One of the things I’m learning is that my mother and grandmother are often totally disassociated. This is very common for women from my grandmother’s era (and to a certain extent my mother’s era, but less so) because of the lack of choices women had financially, romantically and reproductively. What I’m getting at is that many times family members say things and are not able to hold enough space for other people to recognize how hurtful what they’re saying is. I advocate that you sit back and let them do some of the work. Rather than explain or spend heartfelt hours trying to reach them, I recommend telling them your script and spending some time in the nothing-you-say-can-reach-me VIP loft in your mind.
5. Do self care before and after
Oh my god. Self care is so important. You can have a ritual (if you don’t want to think too hard about it) or try new things (if you have the time and space to come up with new things), but have a grounding exercise that you can do before you see your family and afterwards. Even if it’s just taking 3 minutes to take deep breaths before and after you see them. One thing that really helps me is visualizing myself all grown up, not a child anymore, not their child, my own person who has a job and a car and a credit card. Remind yourself “this is unpleasant right now but it won’t last forever.”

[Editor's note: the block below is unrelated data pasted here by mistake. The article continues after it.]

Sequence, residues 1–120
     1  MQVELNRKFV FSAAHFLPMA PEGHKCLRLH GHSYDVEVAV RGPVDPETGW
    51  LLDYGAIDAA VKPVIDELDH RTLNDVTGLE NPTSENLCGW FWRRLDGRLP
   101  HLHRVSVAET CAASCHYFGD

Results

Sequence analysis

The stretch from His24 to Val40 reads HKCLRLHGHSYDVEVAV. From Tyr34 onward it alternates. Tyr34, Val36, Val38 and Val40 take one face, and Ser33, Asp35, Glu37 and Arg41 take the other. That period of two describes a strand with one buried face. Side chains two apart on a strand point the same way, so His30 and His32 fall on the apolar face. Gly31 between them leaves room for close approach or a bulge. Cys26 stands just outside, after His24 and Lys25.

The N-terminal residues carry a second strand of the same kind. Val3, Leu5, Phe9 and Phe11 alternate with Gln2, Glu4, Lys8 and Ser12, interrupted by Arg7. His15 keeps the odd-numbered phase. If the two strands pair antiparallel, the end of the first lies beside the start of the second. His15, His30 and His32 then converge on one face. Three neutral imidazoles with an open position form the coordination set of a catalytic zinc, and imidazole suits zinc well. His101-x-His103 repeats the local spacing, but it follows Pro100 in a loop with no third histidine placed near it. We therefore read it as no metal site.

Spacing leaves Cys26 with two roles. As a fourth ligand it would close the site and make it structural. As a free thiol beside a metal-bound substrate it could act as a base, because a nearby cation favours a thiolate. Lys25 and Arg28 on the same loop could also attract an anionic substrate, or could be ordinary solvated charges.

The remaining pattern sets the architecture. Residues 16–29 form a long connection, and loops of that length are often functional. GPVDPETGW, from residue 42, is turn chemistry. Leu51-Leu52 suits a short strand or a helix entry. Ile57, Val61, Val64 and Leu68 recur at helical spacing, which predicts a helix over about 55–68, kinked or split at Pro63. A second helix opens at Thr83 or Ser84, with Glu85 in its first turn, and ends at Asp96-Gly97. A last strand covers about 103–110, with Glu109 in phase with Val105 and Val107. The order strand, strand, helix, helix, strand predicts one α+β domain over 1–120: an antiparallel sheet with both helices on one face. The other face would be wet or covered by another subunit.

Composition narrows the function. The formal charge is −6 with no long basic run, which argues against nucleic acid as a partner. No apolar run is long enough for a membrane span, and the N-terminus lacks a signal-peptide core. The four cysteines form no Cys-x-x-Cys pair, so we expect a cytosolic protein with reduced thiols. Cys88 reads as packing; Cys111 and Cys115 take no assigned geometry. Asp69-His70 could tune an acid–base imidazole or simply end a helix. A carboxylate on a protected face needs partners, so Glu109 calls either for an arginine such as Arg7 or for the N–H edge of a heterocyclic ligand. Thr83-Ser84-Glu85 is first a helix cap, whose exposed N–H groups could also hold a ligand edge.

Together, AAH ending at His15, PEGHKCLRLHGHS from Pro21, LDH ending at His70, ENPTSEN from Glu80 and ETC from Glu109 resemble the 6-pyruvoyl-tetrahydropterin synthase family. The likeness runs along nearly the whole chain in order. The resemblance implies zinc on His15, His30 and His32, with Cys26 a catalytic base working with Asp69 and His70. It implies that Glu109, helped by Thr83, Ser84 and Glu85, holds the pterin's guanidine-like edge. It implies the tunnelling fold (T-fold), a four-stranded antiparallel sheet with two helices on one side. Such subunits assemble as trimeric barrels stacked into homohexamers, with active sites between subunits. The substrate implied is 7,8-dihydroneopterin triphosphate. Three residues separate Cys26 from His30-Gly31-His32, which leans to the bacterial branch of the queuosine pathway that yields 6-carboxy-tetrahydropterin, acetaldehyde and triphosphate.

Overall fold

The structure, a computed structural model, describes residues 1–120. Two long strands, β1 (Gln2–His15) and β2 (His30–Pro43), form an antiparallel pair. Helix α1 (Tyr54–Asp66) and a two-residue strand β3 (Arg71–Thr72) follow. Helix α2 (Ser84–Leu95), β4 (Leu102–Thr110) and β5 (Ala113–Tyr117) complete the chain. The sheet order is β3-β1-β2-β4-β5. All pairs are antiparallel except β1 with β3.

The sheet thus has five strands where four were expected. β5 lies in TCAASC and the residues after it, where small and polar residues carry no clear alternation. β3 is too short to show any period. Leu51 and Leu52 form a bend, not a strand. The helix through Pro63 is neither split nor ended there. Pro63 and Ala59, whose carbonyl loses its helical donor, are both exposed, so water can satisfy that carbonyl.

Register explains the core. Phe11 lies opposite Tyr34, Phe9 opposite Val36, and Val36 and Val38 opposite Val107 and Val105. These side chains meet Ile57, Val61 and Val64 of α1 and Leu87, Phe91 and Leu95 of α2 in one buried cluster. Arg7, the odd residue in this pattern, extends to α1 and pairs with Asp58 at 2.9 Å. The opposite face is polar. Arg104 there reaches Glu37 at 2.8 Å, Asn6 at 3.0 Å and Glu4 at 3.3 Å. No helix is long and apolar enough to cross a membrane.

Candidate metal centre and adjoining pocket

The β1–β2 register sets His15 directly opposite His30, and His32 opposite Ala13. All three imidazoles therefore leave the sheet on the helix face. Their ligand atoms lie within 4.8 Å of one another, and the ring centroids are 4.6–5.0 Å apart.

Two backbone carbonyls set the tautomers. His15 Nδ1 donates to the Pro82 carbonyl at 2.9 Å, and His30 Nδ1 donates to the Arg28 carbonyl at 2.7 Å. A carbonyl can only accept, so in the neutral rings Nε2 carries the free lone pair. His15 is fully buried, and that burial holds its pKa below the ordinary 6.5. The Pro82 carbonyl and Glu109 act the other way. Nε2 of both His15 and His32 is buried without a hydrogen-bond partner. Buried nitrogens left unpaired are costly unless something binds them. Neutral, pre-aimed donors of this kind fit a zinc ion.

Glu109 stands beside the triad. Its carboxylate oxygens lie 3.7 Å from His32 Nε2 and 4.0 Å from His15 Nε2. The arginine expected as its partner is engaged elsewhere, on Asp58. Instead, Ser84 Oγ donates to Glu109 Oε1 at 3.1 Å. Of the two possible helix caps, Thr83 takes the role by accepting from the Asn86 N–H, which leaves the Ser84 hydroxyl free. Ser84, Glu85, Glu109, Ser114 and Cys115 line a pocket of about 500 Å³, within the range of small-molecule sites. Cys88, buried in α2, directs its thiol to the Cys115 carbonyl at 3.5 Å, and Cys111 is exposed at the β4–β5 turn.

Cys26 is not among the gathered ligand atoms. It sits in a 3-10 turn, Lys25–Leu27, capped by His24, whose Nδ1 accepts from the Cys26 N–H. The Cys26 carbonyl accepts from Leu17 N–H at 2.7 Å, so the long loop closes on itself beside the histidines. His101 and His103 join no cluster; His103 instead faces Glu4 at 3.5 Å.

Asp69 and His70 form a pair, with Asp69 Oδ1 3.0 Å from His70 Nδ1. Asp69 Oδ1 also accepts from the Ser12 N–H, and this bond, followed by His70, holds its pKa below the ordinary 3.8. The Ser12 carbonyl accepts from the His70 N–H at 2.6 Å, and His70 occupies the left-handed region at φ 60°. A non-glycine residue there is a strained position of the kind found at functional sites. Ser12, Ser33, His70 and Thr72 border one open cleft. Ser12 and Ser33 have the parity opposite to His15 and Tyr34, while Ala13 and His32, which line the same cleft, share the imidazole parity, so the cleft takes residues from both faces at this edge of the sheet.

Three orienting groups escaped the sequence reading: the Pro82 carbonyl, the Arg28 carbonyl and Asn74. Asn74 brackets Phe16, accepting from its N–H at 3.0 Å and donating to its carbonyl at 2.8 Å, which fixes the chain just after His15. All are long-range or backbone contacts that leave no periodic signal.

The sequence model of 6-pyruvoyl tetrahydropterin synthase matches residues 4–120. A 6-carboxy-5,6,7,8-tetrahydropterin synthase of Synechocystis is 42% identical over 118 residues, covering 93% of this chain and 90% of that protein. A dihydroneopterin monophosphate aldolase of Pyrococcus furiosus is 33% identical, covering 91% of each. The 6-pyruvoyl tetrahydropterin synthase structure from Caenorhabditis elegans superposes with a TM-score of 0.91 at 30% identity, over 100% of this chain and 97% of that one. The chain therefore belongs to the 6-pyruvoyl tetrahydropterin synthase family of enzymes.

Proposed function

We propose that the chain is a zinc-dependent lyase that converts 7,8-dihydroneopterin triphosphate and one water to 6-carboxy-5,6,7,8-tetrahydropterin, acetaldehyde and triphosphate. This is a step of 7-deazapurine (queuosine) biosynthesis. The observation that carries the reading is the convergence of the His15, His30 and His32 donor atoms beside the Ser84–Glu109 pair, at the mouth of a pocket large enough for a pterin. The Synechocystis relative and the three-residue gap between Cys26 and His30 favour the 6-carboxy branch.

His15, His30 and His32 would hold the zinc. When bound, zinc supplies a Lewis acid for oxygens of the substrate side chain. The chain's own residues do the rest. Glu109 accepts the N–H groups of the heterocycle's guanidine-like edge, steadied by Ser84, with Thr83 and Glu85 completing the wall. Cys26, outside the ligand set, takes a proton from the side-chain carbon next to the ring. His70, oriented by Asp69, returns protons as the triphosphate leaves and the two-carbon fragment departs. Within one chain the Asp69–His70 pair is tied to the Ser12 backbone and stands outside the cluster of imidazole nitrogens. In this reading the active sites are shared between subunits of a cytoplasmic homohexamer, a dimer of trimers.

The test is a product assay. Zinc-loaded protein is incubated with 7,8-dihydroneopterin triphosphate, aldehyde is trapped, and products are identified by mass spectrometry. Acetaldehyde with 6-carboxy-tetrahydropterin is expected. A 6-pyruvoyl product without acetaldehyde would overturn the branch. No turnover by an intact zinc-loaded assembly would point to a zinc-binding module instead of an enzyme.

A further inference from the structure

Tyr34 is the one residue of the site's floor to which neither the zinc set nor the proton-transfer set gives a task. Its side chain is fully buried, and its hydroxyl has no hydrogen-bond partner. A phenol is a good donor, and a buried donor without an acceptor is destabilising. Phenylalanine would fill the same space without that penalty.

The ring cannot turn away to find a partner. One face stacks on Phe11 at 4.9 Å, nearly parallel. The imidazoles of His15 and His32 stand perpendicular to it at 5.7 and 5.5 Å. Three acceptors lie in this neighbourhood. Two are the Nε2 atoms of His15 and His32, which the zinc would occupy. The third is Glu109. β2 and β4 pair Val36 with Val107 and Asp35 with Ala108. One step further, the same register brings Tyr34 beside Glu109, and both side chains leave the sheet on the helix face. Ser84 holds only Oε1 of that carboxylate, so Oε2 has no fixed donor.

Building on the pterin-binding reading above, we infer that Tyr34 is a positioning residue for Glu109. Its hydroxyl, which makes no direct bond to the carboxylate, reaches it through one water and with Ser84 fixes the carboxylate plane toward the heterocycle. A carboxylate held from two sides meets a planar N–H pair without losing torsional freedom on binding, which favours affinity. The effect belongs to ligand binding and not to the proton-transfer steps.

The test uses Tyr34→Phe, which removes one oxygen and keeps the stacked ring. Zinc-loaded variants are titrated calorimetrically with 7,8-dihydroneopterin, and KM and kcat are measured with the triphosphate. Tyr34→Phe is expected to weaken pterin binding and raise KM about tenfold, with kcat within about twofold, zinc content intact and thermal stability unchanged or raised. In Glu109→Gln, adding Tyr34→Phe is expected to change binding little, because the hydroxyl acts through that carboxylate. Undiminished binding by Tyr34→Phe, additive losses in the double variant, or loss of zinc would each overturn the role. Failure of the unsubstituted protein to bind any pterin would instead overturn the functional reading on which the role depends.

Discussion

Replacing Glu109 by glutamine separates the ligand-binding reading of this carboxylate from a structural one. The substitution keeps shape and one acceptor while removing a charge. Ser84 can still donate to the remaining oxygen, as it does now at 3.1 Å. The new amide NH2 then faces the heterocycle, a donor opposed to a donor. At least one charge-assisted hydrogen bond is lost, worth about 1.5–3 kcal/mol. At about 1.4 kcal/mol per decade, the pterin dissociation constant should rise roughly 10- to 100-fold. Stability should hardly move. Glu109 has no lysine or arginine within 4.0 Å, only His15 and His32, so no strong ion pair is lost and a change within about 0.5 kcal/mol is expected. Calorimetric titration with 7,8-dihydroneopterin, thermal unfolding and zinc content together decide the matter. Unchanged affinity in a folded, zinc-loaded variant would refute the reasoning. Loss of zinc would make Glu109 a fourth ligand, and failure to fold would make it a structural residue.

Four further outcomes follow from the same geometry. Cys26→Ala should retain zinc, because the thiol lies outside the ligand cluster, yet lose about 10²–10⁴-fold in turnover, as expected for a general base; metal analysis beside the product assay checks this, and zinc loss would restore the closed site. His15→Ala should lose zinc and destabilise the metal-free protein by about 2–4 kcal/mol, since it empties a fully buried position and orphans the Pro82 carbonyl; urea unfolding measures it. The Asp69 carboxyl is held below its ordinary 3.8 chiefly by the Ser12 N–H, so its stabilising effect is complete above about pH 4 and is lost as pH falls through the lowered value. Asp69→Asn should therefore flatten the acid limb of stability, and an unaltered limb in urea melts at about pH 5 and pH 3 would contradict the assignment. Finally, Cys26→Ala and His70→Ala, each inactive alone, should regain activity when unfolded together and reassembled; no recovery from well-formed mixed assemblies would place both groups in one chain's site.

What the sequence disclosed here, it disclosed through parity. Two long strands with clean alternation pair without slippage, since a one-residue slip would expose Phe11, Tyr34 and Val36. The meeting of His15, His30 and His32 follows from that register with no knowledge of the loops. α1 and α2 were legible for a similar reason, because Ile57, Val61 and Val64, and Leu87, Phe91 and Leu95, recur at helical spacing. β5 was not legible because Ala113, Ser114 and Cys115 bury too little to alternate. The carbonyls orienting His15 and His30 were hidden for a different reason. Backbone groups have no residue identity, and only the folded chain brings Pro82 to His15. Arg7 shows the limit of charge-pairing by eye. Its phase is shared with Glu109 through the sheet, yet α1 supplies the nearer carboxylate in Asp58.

6. Change the thought pattern
Often times when it comes to family this is not new territory. We have been in this place again and again and again. Your family might be stuck in a moment, but you don’t have to be. What do you want to do to change YOUR part in the story?
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Dear Virgie is a weekly advice column by Virgie Tovar, MA, author, activist and one of the nation’s leading experts and lecturers on fat discrimination and body image. She is the editor of Hot & Heavy: Fierce Fat Girls on Life, Love and Fashion (Seal Press, November 2012) and the mastermind behind #LoseHateNotWeight. She holds a Master’s degree in Human Sexuality with a focus on the intersections of body size, race and gender. Virgie has been featured by the New York Times, MTV, Al Jazeera, the San Francisco Chronicle, NPR, Huffington Post, Cosmopolitan Magazine Online, and Bust Magazine. Find her at www.virgietovar.com.